Date: April 1, 1982
Creator: Kay, J.
Partner: UNT Libraries Government Documents Department

Fatigue case study and reliability analyses for wind turbines

Description: Modern wind turbines are fatigue critical machines used to produce electrical power. To insure long term, reliable operation, their structure must be optimized if they are to be economically viable. The fatigue and reliability projects in Sandia`s Wind Energy Program are developing the analysis tools required to accomplish these design requirements. The first section of the paper formulates the fatigue analysis of a wind turbine using a cumulative damage technique. The second section uses reliability analysis for quantifying the uncertainties and the inherent randomness associated with turbine performance and the prediction of service lifetimes. Both research areas are highlighted with typical results.
Date: December 31, 1994
Creator: Sutherland, H.J. & Veers, P.S.
Partner: UNT Libraries Government Documents Department

Application of Damage Detection Techniques Using Wind Turbine Modal Data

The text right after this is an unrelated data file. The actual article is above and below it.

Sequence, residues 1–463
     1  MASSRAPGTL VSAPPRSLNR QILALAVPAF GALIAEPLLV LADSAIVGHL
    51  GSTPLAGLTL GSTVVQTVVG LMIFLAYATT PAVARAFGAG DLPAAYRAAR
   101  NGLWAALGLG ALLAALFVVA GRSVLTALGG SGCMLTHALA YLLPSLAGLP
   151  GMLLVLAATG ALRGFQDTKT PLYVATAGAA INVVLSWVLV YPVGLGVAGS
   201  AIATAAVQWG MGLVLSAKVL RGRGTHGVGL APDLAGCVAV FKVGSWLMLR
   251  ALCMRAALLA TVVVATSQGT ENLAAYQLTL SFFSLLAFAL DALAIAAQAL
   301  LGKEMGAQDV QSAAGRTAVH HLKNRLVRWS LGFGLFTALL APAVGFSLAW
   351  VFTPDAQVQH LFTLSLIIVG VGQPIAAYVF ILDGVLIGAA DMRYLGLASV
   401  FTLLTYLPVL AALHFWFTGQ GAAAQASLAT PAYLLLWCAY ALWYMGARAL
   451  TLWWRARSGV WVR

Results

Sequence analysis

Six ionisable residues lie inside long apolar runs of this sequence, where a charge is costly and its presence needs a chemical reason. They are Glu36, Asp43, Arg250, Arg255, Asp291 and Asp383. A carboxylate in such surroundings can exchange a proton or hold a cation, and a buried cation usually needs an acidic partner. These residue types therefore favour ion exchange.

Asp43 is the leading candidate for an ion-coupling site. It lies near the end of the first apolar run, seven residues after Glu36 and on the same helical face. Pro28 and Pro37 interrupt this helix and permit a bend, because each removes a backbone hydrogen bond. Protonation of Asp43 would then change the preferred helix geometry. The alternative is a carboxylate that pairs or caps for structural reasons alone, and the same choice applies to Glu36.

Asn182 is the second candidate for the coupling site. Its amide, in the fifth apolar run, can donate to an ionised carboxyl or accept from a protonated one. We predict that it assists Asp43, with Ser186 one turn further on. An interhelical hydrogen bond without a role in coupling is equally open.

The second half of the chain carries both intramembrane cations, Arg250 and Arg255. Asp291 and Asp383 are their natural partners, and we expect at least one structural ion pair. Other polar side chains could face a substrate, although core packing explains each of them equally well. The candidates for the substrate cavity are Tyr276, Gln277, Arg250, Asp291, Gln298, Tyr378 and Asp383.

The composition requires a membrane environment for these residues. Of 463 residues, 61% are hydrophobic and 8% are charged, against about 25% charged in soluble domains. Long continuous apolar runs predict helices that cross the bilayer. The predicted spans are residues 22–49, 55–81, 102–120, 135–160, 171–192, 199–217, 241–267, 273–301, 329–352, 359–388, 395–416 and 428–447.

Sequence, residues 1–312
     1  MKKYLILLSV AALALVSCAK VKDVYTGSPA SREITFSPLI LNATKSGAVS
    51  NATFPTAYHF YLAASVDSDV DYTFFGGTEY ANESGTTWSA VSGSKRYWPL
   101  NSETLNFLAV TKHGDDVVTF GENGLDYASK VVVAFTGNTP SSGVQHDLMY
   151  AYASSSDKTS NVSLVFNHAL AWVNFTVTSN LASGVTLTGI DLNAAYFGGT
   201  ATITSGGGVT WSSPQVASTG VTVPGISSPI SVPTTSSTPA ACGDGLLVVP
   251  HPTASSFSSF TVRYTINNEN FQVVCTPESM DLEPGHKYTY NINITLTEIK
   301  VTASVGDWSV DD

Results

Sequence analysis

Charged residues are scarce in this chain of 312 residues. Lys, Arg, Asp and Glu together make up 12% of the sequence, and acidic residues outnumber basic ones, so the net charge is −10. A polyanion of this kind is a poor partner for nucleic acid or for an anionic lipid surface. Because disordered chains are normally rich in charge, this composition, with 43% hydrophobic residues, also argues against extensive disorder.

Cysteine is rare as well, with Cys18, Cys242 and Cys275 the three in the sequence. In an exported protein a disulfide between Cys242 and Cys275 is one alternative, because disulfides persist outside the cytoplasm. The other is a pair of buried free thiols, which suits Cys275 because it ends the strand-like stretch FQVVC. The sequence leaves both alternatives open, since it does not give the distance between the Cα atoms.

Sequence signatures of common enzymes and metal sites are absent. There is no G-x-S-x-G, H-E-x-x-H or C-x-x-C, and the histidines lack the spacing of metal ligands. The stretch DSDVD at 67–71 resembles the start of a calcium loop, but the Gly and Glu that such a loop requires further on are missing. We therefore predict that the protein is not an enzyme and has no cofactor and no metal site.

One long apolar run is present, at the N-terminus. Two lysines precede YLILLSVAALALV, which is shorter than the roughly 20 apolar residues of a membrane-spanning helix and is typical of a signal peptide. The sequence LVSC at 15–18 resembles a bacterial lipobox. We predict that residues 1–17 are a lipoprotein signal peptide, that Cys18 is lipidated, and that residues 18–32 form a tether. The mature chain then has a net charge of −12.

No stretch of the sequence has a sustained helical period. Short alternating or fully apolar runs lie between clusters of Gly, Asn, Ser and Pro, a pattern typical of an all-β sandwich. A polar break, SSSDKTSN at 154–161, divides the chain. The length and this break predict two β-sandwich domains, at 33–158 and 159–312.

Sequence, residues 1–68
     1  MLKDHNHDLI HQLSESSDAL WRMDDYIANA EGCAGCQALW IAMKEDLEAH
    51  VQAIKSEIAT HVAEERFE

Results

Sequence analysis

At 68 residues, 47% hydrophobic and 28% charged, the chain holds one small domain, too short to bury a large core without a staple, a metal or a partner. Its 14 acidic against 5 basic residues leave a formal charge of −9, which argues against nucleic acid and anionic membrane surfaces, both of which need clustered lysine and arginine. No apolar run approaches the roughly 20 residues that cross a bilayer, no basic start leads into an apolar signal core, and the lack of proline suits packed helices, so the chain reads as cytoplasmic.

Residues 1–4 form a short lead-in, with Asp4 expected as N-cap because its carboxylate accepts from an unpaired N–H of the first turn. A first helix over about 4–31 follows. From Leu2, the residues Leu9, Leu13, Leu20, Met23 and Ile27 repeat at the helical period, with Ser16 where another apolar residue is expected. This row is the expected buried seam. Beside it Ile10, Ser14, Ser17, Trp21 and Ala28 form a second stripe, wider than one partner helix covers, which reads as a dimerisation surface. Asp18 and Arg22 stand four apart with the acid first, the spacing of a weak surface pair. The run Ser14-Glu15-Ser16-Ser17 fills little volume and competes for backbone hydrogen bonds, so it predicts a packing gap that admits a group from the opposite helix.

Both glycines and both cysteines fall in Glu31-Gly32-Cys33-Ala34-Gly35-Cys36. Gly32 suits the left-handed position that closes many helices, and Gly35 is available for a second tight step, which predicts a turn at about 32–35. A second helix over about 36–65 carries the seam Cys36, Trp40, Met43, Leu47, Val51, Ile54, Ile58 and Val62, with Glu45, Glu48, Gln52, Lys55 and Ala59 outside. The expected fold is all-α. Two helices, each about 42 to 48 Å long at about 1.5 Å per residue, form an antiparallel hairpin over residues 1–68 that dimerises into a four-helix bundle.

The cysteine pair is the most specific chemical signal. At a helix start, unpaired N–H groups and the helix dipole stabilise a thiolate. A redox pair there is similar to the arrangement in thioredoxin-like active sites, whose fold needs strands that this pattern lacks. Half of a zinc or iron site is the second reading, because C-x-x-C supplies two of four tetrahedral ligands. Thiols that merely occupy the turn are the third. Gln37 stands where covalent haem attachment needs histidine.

Description: As any structure ages, its structural characteristics will also change. The goal of this work was to determine if modal response data fkom a wind turbine could be used in the detection of damage. The input stimuli to the wind turbine were from traditional modal hammer input and natural wind excitation. The structural response data was acquired using accelerometers mounted on the rotor of a parked and undamaged horizontal-axis wind turbine. The bolts at the root of one of the three blades were then loosened to simulate a damaged blade. The structural response data of the rotor was again recorded. The undamaged and damage-simulated datasets were compared using existing darnage detection algorithms. Also, a novel algorithm for combining the results of different damage detection algorithms was utilized in the assessment of the data. This paper summarizes the code development and discusses some preliminary damage detection results.